The group responsible for developing and updating the PCI Express standard, the PCI-SIG, aims to update this standard approximately every three years. Version 6.0 was released earlier this yearand the group has announced that PCIe version 7.0 is currently on track to be finalized sometime in 2025. Like all new PCI Express versions, the goal is to double the available bandwidth of its predecessor, which in the case of PCIe 7.0 means a single PCIe 7.0 lane will be transmitting at speeds of up to 32 GB per second.
That’s double the 16GB per second promised by PCIe 6.0, but it’s even more striking when compared to PCIe 4.0, the version of the standard used in high-end GPUs and SSDs today. A single PCIe 4.0 lane provides a bandwidth of approximately 4 GB per second, and you have eight of those lanes to provide the same speeds as a single PCIe 7.0 lane.
Increasing speeds open the door to ever-faster GPUs and storage devices, but such large bandwidth gains would also allow the same amount of work to be done with fewer PCIe lanes. Today’s SSDs normally use four lanes of PCIe bandwidth and GPUs normally use 16 lanes. You could use the same number of lanes to support more SSDs and GPUs, while still offering a big increase in bandwidth compared to today’s accessories, something that can be especially useful in servers.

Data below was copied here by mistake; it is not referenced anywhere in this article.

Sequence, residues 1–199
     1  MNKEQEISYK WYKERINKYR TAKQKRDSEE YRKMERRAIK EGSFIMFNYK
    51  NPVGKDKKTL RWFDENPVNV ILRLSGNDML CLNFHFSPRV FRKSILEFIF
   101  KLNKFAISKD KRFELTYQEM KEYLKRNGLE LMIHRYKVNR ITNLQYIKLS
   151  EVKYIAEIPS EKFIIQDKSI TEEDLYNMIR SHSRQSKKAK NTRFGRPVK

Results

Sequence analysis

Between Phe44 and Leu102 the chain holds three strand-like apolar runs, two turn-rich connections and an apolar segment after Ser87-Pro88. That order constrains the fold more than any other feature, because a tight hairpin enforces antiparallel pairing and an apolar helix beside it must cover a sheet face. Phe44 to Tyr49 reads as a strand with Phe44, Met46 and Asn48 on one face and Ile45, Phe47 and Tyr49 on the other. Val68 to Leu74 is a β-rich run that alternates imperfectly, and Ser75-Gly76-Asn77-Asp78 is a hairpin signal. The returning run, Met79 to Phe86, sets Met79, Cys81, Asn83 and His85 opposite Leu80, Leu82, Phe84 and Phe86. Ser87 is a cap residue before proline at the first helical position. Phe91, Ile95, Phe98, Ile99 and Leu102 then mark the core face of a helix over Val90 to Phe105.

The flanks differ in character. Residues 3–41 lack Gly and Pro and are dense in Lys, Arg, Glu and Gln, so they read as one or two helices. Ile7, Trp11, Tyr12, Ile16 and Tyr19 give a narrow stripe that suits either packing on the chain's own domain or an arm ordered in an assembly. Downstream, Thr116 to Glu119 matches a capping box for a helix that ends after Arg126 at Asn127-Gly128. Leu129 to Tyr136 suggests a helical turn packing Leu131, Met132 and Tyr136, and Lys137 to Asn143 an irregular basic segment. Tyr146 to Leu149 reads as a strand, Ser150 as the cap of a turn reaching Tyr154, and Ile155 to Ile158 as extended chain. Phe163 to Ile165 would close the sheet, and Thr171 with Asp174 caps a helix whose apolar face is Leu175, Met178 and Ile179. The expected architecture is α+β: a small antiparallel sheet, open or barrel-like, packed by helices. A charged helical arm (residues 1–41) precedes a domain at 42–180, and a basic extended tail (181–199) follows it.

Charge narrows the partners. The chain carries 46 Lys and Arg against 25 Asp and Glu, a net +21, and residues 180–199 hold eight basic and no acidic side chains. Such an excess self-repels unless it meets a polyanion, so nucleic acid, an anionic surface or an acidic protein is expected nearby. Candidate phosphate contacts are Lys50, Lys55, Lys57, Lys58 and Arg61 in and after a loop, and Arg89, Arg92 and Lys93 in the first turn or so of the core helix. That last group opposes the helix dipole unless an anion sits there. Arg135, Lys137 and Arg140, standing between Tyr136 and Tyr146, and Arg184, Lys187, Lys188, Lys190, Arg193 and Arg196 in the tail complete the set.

As with all previous versions of the PCIe standard, the PCI-SIG says that PCIe 7.0 devices remain fully backward compatible with older PCIe versions. There’s some coding overhead that makes real-world accessories reach the full 32GB per second speeds promised by PCIe 7.0, but that’s true of all PCIe versions.
It will be a year or two before we start seeing PCI Express 6.0 in consumer PCs, not to mention version 7.0. Intel’s latest 12th-generation Alder Lake processors include a limited number of PCIe 5.0 lanes, and PCIe 5.0 will also be part of AMD’s Ryzen 7000 series later this year. But consumer GPUs and SSDs using PCIe 5.0 still don’t really exist. Most new standards take years to go from “draft” to “finished” to “available in shipping products” to “ubiquitous”, and new PCI Express versions are no exception.